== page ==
New York magazine, fresh off its stellar performance at the National Magazine Awards for editorial excellence, is in the process of building out an in-house branded content studio.
The department, which will include about 11 staffers once additional hires are made and some staffers move from other departments, is being led by Justin Montanino, who began at New York on Feb. 22. Mr. Montanino came from Fusion, where he served as director of development for branded content.
New York is already active in the branded content space; 33% of the company's digital ad revenue in 2015 came from native ads and custom executions. But publisher Larry Burstein said that New York will become more proactive, pitching branded content campaigns rather than simply including branded elements when requested in RFPs.
"The creation of this studio means that we can go out here with native ideas to sell and to execute," Mr. Burstein said. "We have this really robust brand business, and we felt that we could add this on to it and expand our offering to advertisers."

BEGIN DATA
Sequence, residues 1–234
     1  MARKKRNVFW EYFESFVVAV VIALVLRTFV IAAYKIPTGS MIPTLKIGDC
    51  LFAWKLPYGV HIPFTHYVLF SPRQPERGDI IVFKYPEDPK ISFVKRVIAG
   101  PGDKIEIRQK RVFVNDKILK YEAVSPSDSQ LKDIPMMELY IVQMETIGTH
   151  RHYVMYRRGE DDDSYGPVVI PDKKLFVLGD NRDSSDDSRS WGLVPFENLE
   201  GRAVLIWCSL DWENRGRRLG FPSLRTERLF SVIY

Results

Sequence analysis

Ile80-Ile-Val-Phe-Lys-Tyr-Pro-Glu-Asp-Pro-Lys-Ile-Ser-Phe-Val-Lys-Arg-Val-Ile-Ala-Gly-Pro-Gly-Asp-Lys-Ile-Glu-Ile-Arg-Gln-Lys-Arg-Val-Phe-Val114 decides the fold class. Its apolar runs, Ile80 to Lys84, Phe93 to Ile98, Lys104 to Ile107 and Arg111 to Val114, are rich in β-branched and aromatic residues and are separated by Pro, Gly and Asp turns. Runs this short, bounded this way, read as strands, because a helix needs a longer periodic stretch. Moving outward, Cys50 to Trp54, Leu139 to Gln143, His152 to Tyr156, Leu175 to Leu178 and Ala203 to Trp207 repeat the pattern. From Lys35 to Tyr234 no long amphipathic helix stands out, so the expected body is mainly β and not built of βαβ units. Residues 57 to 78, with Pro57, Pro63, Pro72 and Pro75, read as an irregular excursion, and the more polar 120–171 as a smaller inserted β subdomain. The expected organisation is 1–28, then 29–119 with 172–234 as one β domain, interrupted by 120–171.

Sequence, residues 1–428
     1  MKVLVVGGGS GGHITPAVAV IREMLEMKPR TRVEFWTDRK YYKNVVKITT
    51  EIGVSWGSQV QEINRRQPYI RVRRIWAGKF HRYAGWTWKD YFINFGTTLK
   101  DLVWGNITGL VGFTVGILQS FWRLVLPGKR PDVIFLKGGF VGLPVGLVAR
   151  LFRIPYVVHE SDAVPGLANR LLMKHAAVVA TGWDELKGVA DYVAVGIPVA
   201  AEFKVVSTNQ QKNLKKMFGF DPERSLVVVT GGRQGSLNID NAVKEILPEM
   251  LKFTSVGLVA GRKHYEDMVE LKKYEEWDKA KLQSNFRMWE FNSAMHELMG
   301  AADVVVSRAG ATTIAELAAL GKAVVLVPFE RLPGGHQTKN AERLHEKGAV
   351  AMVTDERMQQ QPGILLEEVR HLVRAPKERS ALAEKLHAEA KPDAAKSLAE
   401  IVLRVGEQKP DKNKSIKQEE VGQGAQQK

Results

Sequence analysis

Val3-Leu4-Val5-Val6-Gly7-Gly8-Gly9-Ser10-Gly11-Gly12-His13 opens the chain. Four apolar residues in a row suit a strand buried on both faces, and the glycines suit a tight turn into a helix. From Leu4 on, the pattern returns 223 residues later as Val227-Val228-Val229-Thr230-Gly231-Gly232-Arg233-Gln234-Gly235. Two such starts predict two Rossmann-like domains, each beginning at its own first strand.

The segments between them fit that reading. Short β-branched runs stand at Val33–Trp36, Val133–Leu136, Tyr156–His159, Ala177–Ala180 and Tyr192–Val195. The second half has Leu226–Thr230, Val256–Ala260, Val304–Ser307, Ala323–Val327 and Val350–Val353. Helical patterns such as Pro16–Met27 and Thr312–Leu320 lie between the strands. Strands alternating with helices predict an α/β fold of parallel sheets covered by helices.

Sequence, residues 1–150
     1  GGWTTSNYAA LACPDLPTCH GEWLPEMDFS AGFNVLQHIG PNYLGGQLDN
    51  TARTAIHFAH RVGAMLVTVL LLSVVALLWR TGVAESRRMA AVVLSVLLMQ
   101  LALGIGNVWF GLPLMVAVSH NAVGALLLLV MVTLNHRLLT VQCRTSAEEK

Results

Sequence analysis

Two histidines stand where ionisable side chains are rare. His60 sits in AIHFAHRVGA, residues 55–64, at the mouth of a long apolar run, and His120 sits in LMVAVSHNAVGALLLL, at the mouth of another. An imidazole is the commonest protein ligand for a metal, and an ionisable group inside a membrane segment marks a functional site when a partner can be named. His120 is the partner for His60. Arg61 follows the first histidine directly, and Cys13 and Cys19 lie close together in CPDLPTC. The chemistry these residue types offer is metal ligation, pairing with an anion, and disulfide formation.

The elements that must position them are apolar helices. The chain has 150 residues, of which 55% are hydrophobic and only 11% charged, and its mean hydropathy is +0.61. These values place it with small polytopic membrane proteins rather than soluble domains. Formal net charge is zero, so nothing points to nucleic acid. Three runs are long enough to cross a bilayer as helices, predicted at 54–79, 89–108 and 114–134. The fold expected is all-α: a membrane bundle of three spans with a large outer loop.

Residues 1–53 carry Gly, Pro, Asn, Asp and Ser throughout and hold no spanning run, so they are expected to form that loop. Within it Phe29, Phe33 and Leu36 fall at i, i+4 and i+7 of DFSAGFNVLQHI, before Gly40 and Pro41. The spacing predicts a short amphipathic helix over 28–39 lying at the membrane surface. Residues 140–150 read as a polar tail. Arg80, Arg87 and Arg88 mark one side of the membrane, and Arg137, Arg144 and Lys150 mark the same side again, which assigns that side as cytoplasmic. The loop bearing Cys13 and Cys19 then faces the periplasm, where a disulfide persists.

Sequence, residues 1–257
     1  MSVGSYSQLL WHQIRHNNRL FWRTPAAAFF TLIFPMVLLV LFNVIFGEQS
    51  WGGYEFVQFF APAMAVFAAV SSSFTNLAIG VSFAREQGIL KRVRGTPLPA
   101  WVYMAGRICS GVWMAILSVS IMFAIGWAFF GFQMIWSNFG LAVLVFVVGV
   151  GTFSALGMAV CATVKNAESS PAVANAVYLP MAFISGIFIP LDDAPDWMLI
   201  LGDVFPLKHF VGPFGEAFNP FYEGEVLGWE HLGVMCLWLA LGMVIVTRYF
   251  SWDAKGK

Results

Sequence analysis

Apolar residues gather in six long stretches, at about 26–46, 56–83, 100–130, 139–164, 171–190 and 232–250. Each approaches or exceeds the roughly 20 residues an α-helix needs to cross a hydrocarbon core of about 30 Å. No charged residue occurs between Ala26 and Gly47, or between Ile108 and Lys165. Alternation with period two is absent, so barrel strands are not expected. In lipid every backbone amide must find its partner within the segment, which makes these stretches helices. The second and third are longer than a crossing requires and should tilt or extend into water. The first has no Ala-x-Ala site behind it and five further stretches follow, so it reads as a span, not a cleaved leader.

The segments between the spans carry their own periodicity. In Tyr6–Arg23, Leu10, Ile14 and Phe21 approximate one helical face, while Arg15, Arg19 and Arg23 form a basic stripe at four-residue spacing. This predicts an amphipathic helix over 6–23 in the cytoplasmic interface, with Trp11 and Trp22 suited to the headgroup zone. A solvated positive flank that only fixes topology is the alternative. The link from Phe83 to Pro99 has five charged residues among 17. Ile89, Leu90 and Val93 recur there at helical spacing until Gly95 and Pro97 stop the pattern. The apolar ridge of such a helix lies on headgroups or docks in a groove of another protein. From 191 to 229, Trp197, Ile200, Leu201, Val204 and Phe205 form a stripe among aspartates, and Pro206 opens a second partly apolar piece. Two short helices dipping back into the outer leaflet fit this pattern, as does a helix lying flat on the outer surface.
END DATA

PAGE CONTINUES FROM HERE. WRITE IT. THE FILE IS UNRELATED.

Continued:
Mr. Burstein said New York is already strong in the entertainment and fashion advertising categories, partly because of the website's sections devoted to those sujects, Vulture and The Cut, respectively. New York recently did a 1973-themed homepage takeover, for example, to promote the HBO show "Vinyl."
But Mr. Burstein said he hopes New York can make inroads into the "thought-leader" category, and expects to become active in automotive.
Mr. Montanino said he had been intrigued by the chance to work on branded content at a company with such standout editorial. "With any publisher, with any in-house agency, the goal is always to create quality work that's on par with editorial," he said. "I think that's difficult to do anywhere, but here at New York the editorial side of this company has really set the bar as high as it can be."
Right now, Mr. Montanino is focused on staffing up the studio and examining the company's existing branded content apparatus.
Mr. Burstein said the studio "will be up and running soon." But before it can launch, he and Mr. Montanino have a more short-term challenge that could have longer-term consequences: picking a name for their new shop.
"I have a lot of names kicking around in my head," Mr. Montanino said. "We're going to settle on that sometime soon."